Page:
Virtualization has been a staple of the server world for years. The very promise of a general computing platform that can do many different things for many different users all at the same time creates the need for managing how that’s done, and virtualization has taken on that role.
The embedded world, on the other hand, for the most part, hasn’t required virtualization. This is largely because embedded devices are, almost by definition, not general-purpose platforms. Their tasks could be hand-crafted at the lowest levels. But as the complexity and range of embedded systems have grown, now including applications such as networking equipment and smart phones, the need for some form of virtualization technology is becoming more evident.
As with most technologies, the embedded embodiment of virtualization is more complex than its server cousin for the very reason that embedded technology tends to involve more work: the number of variations and combinations and permutations of features and functions can easily spin out of control, making it hard for architects and designers to find their way around the space.
Furthermore, the rapid proliferation of multicore devices has created an increased applicability of virtualization technology. For that reason, the Multicore Association has convened a Virtualization Working Group. Participation from a wide variety of embedded players will help establish standards that will address the gamut of needs from the diverse embedded community.
There have been two main drivers for virtualization within servers. The most transparent one is the desire to make a single computer look like multiple computers to a group of users. There is a clear need for this in the cloud computing world, commonly referred to as “multi-tenanting.”
A user connects to the cloud and gets a “machine,” but that machine is virtual, and it may only be a portion of an actual hardware machine. The relationship between the “machine” the user perceives and the underlying hardware is completely opaque, and, if done properly, irrelevant.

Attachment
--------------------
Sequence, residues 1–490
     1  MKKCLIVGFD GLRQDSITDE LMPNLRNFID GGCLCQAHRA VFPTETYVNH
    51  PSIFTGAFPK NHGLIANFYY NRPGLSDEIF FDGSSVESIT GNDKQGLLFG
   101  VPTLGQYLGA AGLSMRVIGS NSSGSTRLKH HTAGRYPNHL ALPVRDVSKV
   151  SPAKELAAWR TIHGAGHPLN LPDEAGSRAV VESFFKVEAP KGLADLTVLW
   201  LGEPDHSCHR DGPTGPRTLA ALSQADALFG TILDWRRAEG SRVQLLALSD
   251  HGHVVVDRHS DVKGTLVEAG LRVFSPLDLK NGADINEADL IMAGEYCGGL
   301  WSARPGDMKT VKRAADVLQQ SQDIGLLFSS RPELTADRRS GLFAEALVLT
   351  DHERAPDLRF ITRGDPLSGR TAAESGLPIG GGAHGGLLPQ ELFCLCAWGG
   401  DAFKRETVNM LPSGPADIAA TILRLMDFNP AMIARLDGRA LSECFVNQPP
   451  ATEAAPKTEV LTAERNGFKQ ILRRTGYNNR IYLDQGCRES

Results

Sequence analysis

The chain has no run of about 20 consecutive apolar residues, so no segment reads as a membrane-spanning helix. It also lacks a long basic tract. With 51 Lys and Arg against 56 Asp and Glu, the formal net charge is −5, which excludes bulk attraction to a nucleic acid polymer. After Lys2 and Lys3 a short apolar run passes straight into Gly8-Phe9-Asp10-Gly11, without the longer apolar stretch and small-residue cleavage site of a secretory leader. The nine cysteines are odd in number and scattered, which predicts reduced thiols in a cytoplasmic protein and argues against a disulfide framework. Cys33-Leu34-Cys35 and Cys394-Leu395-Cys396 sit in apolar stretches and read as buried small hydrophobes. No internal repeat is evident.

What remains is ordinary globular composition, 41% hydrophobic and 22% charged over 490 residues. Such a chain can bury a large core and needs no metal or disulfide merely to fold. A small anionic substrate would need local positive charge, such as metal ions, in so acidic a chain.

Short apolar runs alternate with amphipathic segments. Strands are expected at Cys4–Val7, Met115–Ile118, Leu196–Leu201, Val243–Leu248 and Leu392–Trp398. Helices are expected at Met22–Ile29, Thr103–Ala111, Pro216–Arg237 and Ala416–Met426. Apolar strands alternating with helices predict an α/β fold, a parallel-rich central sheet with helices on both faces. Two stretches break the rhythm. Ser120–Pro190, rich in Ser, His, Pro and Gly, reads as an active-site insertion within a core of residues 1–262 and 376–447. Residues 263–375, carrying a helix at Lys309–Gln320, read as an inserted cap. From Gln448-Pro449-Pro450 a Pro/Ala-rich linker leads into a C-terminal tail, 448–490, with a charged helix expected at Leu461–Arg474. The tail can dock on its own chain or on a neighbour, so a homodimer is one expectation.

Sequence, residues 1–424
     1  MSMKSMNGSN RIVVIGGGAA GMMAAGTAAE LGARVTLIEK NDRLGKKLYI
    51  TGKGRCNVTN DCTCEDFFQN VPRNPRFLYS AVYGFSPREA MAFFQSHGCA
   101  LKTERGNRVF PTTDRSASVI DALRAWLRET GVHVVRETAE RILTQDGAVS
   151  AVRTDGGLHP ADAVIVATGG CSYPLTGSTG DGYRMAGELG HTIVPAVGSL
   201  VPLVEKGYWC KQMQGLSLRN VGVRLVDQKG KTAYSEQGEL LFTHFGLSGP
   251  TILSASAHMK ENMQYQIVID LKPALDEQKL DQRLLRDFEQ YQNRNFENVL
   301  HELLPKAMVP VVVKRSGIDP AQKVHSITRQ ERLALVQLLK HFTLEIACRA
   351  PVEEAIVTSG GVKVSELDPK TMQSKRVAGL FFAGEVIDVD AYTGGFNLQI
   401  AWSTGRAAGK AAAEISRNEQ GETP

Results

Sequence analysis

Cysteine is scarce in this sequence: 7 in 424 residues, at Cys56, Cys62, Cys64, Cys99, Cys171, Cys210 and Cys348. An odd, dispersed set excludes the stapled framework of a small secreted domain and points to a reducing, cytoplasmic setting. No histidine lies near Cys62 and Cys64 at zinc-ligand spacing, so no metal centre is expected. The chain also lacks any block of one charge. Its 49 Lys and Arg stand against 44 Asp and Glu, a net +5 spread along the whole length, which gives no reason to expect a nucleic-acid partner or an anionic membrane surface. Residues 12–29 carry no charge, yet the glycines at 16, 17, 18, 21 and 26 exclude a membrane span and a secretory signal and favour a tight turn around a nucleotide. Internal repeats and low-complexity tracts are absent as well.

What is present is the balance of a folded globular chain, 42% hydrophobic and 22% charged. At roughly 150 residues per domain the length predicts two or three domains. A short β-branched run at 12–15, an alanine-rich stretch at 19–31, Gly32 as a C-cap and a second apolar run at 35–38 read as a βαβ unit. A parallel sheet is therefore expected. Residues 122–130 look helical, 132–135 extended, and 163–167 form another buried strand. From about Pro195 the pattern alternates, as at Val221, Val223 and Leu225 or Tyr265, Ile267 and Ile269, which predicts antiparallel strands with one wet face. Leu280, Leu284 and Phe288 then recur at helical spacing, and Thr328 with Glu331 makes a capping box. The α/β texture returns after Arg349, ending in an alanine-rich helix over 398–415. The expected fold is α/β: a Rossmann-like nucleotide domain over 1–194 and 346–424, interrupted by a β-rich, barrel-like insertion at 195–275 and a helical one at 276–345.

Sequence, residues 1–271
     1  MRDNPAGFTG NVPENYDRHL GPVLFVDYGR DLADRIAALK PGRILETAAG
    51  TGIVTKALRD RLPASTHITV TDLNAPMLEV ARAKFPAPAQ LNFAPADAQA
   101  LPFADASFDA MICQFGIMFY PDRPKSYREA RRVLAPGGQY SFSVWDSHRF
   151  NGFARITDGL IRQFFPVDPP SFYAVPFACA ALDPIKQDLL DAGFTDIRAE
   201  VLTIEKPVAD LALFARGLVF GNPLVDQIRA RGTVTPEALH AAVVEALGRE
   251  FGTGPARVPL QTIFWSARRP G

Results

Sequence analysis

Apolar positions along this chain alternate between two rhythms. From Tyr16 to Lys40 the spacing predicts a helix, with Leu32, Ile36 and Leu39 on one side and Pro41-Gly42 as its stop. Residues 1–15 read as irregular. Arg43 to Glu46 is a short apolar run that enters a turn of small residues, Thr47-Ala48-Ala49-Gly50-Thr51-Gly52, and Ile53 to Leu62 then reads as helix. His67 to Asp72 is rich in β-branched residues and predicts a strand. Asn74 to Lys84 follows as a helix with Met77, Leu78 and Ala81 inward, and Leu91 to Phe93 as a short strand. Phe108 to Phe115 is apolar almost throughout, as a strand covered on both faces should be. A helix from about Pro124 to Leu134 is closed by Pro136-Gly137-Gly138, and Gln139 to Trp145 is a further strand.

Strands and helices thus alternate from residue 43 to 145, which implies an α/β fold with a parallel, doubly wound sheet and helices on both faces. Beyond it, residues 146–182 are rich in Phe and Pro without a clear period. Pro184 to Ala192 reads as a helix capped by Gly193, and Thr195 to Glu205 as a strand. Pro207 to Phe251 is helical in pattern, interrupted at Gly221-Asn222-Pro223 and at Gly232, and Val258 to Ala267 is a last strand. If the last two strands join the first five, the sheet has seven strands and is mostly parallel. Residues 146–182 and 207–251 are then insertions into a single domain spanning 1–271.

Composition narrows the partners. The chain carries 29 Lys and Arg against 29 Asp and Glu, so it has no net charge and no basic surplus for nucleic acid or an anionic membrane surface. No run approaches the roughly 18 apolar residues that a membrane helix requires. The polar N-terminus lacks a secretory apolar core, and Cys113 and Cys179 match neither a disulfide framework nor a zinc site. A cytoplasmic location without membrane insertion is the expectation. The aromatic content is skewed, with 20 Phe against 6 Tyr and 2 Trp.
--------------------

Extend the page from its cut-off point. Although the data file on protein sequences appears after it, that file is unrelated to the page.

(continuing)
The other major driver for server virtualization is the need to run legacy code on new machines. Such old programs may need out-of-date operating systems or look for resources and I/O that may not exist on the new system. Of course, no one will want to get anywhere near the code (if the source code is even available), so virtualization helps “wrap” the program in a way that lets the program think it’s on its original target platform.
In either case, you have a single computer managed at the most fundamental level by a single operating system (OS), with multiple “guest” programs and/or operating systems running above the OS. It’s the virtualization layer that hosts these guests and provides the translations needed to keep everyone happy (Figure 1 below).
Figure 1. Multicore virtualization layers.
At a lower level, there are two fundamental duties that virtualization performs: allocation and sharing. In the first case, you have resources that must be allocated to the different guest programs.
Those may be memory or interrupts or cores. Virtualization delineates sandboxes within which each guest can play. In the second case, you have I/O and other dedicated resources that each guest must believe it has exclusive access to. Virtualization’s role here is to maintain the charade of exclusivity.